As an aide to President Clinton, Jack Lew argued that fiscal prudence was necessary to protect the long-run solvency of Social Security and Medicare. By running surpluses, Lew argued, the government would pay down existing debt, increase future financial capacity, and be better able to finance the explosion in outlays associated with the retirement of the baby boom generation. The stability of the welfare state was closely associated with fiscal prudence in 2000 when Lew expressed this view. After its financial crisis in the 1990s, Sweden embraced an annual 1% of GDP surplus target largely to ensure the government had the capacity to make good on its promises. To Lew, there seemed to exist a meaningful relationship between the value of the promise and the government’s capacity to meet it.
As President Obama’s budget director and Chief of Staff, Lew seemed to take a much different view. From formally proposing trillion dollar deficits as budget director to presiding over the ridiculous exercise of evaluating the merits of issuing a trillion dollar platinum coin as chief of staff, Lew has forfeited whatever reputation he had for fiscal seriousness. The only real constant from Lew since his time in the Clinton Administration has been a steadfast refusal to consider programmatic changes to the entitlement programs driving current and long-run deficits.
Lew has a toxic nostalgia for the Social Security reforms of 1983, which rescued the system from collapse through a combination of tax increases and benefit cuts. The most salient outcome of the 1983 reforms was the accumulation of a huge “trust fund” due to tax revenue dramatically exceeding benefit outlays between 1990 and 2010. The existence of this enormous trust fund – currently valued at $2.5 trillion, or 16% of GDP – is viewed by many as evidence that the 1983 reforms were designed to “prefund” the baby boomers’ retirement. As explained by Social Security Trustee Charles Blahous, nothing could be further from the truth. The members of the 1983 “Greenspan Commission” simply aimed for system balance over 75 years with no knowledge or intention of having large surpluses followed by deficits (see the quote from Commission staff director Robert Myers on this point). Indeed, if prefunding really were the preferred solution, it would be extremely odd that it would occur through the accumulation of Treasury securities that represent a claim of the government on itself.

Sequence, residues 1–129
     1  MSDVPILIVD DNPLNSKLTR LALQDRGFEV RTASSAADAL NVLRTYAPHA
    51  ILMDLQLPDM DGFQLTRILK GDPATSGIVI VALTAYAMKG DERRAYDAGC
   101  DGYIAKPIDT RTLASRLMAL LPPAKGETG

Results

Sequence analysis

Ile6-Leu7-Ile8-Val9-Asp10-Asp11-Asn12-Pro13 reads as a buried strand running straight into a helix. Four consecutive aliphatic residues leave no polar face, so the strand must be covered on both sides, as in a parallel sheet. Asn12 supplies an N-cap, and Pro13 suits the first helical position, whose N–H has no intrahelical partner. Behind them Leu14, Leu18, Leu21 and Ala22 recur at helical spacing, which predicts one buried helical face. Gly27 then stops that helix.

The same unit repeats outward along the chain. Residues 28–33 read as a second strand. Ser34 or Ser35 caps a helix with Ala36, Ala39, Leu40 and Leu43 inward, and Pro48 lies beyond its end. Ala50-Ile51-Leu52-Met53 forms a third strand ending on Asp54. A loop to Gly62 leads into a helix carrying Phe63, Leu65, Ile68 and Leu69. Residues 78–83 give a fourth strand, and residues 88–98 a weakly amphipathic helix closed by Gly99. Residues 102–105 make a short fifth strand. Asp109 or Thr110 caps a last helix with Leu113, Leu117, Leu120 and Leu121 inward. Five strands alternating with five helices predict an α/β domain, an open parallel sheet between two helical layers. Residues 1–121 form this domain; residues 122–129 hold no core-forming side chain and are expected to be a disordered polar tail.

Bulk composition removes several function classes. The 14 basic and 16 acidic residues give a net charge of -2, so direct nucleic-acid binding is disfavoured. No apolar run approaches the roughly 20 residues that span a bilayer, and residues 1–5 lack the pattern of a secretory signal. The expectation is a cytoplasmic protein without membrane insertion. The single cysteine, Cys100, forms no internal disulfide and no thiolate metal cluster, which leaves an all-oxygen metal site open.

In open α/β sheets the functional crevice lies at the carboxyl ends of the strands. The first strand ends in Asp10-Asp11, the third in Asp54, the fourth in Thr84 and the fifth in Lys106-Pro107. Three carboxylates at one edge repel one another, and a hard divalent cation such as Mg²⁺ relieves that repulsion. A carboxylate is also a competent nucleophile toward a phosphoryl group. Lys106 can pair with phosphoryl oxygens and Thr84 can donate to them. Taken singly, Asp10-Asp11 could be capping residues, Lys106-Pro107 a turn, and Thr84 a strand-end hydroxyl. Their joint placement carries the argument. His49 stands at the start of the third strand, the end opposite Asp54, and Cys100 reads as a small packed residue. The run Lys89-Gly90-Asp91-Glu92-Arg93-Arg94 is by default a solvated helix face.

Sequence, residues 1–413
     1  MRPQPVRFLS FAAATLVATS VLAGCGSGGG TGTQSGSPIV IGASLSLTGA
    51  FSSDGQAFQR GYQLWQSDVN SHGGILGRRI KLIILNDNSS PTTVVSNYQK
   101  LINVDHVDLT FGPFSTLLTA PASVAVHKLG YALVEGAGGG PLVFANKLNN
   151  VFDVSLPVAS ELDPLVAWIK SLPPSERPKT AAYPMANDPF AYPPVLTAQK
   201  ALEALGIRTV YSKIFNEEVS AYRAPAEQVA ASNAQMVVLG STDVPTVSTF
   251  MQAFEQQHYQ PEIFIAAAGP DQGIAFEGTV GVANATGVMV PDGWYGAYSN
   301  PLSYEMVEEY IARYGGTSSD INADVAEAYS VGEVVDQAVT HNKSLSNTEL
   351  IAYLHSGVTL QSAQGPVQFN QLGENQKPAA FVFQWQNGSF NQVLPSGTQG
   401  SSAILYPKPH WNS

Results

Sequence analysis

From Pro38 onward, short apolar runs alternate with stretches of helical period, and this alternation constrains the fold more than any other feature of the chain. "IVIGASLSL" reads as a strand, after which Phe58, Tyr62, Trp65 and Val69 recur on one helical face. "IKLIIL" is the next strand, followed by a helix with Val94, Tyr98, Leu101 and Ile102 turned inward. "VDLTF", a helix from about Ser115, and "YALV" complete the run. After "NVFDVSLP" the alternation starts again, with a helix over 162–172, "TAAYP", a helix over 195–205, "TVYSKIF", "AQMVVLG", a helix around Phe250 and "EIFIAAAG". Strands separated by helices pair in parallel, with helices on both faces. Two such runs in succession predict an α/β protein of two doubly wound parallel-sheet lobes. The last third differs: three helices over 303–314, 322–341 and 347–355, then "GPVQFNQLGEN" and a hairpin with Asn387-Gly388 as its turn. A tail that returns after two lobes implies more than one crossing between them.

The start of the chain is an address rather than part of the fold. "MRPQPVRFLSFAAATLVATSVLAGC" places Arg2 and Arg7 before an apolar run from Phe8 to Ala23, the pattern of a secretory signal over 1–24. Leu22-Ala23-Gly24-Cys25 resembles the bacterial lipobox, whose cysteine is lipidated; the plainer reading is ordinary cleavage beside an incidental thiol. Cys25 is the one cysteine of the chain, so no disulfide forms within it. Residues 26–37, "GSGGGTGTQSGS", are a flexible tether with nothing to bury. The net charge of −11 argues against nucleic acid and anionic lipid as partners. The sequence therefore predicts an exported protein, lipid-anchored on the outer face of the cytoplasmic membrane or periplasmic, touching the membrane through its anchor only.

Yet, in a 2011 appearance before the Economic Club of Washington, Lew actively embraced the false narrative of 1983:
In 1983, we put Social Security on firm financial footing and it’s one of the things that I’m proudest of in my professional career. I think the challenge is you mix it with deficit reduction and it confuses the issue. There are people who think that Social Security is the cause of our deficit. It’s not the cause of our deficit. Social Security ran a surplus for decades. 1983 worked. The principle of 1983 was have enough income come in so that we can build up reserves and then when the baby boom retires, draw them down.
As an aide to then-Speaker Tip O’Neill, Lew was uniquely positioned to know whether or not prefunding was indeed the Commission’s objective. That is what makes his revisionist history so troubling: uninitiated observers are likely to be inclined to believe his version of events even if they have no basis in the historical record. The “facts on the ground” of huge surpluses have done quite a bit to advance the notion that the trust fund was intentional and Lew’s false reminiscence only bolsters that misimpression.